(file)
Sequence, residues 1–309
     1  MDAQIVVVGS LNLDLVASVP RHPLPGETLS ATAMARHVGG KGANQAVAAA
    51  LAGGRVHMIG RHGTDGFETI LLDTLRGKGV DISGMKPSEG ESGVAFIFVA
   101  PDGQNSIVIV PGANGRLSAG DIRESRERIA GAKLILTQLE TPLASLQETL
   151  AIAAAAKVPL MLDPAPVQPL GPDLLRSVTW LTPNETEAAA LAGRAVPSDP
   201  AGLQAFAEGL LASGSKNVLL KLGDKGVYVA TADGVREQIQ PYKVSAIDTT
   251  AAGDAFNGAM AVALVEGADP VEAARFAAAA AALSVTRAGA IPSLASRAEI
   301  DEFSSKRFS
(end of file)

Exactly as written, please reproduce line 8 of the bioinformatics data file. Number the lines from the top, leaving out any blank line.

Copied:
   301  DEFSSKRFS